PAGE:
How to add an EQ and effects master track in GarageBand for iOS | Cult of Mac

How to add an EQ and effects master track in GarageBand for iOS


garageband master track
Here's a cellist, who has mastered her own track, as it were.
Photo: Charlie Sorrel/Cult of Mac

One of the craziest omissions in GarageBand for iPad and iPhone is the lack of a master track for mixing. A master track sits in your GarageBand window alongside your recorded instruments, and lets you apply EQ and effects — bass, treble, reverb, and so on — to the entire song. Even in the amazing new GarageBand 3.2, there’s no proper master track.

But there is a workaround that is both easy, and as good as having the real thing. Let’s check it out.

Master your tracks

According to Apple’s support documents, adding a master track to a GarageBand project on the Mac iOS just a menu click away. Once enabled, you can add effects, adjust the EQ, and fade out the volume. With our GarageBand for iOS hack, we can get most of these (although not a track fadeout, unfortunately). How? By adding an FX track.

Special FX

FX is a recent GarageBand feature that lets you add live DJ-style effects as your track plays. I has all kinds of fun gimmicks — stutter FX, faux record-scratching, and a filter to make it sound like your song just went to a nightclub bathroom.

FX lives in a separate track which sits at the bottom of your project, and affects every track above. It’s like a master mix that iOS applied after every thing else. And in addition to the gimmicky effects, the FX track also has controls for reverb, echo (delay), treble, bass, plus GarageBand’s excellent Visual EQ.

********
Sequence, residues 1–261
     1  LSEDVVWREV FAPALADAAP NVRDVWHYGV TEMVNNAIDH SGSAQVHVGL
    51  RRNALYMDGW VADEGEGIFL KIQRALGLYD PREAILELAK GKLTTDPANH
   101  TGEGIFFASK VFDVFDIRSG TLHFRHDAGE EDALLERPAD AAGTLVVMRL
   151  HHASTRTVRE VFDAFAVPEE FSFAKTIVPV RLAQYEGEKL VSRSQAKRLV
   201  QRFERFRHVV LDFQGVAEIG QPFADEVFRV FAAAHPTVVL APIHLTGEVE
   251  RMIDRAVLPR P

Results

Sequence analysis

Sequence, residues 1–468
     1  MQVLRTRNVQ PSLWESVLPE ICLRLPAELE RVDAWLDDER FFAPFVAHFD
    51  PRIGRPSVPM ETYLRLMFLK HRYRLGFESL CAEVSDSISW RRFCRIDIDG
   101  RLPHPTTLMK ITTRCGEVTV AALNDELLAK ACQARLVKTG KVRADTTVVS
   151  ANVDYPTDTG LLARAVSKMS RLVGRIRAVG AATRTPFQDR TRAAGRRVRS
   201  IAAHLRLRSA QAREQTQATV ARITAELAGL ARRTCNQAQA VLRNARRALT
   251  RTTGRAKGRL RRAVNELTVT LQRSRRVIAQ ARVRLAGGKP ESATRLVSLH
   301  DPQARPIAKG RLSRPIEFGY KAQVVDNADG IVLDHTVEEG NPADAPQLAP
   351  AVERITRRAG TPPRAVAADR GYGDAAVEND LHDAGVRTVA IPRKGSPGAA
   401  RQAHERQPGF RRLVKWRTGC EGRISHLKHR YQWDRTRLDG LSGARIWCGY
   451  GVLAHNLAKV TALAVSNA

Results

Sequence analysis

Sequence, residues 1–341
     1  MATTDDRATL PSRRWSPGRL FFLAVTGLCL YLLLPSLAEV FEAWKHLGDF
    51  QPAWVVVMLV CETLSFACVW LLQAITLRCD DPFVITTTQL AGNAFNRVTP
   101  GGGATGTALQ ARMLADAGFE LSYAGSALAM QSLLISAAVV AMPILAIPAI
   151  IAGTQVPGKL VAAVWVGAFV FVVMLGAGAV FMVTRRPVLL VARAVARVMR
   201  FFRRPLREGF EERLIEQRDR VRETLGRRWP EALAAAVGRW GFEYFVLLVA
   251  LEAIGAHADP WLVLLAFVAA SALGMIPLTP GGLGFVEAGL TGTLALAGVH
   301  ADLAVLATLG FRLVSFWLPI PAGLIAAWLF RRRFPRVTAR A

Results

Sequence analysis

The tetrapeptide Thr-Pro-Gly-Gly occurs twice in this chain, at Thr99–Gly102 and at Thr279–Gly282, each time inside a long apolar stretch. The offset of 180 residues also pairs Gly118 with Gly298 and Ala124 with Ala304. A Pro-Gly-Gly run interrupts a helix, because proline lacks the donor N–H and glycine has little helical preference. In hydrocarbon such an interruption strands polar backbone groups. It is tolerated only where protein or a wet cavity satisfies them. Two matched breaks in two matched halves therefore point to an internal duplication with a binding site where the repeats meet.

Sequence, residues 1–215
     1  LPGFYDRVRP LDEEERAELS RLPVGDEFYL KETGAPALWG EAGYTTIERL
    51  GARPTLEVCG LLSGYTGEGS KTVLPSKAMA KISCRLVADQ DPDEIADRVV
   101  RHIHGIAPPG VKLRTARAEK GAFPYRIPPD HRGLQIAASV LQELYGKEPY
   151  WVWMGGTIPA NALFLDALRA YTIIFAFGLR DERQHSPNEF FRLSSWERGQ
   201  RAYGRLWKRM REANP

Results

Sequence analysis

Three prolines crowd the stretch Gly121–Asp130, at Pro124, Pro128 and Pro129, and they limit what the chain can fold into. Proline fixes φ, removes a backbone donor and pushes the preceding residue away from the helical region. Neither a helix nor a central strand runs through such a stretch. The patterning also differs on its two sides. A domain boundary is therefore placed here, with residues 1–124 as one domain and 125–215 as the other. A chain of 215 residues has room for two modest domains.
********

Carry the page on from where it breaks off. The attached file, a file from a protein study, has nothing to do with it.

The trick is to add an FX track, then ignore the actual FX part, and tweak the EQ section instead. Because it affects the entire song, any EQ settings also affect the whole song.

Adding an empty FX track in GarageBand

You need to add some FX, then delete them. You need to add some FX, then delete them.

Step one is to open up a song. Step two is to tap the FX button, which — on the iPad — you’ll find in the top left corner of the song view. This opens up the FX panel at the bottom of the screen, but doesn’t actually add an FX track until you create some FX.

To do that, hit record, and move some of the FX controls. scrub a finger on the Filter panel, for example, or tap the Repeater. It doesn’t matter. As soon as you have recorded a second or two of effects, tap stop. You’ll see that there’s a purple Effect track now in place. Tap the purple section, and choose Delete from the black popover. That’s it. You now have a blank FX track.

Using the GarageBand for iOS master track

Now we get to the good bit. The FX track has its own EQ and effects setting panel, just like all other GarageBand tracks. It looks like this:

Here are two views from the FX track's effects panel.
Here are two views from the FX track’s effects panel.
Photo: Cult of Mac

You can even dig in and use the Visual EQ plugin:

You can get surgical with master track EQ.
You can get surgical with master track EQ.
Photo: Cult of Mac

There are a few limits compared to normal tracks. You can’t automate the volume of the FX track like you can with audio and MIDI tracks, and you can’t use any extra audio unit (AU) effects. Still, this is way, way better than no master track at all, which is what we have had before.

GarageBand for iOS

The lack of a proper master track is one of the niggles that stops GarageBand for iOS from being a real-deal alternative to the desktop version. That’s not to say you can’t make top-level music with it. It’s just that sometimes the process is harder than it should be. You should be able to fade a song out without having to fade each individual track, for example. UPDATE 02/08/18 It’s possible to fade out a song by toggling a Fade Out switch in the song settings. Or export all your tracks as individual “stems” in one go.

Still, GarageBand for iOS is pretty amazing, and this trick make it even better.


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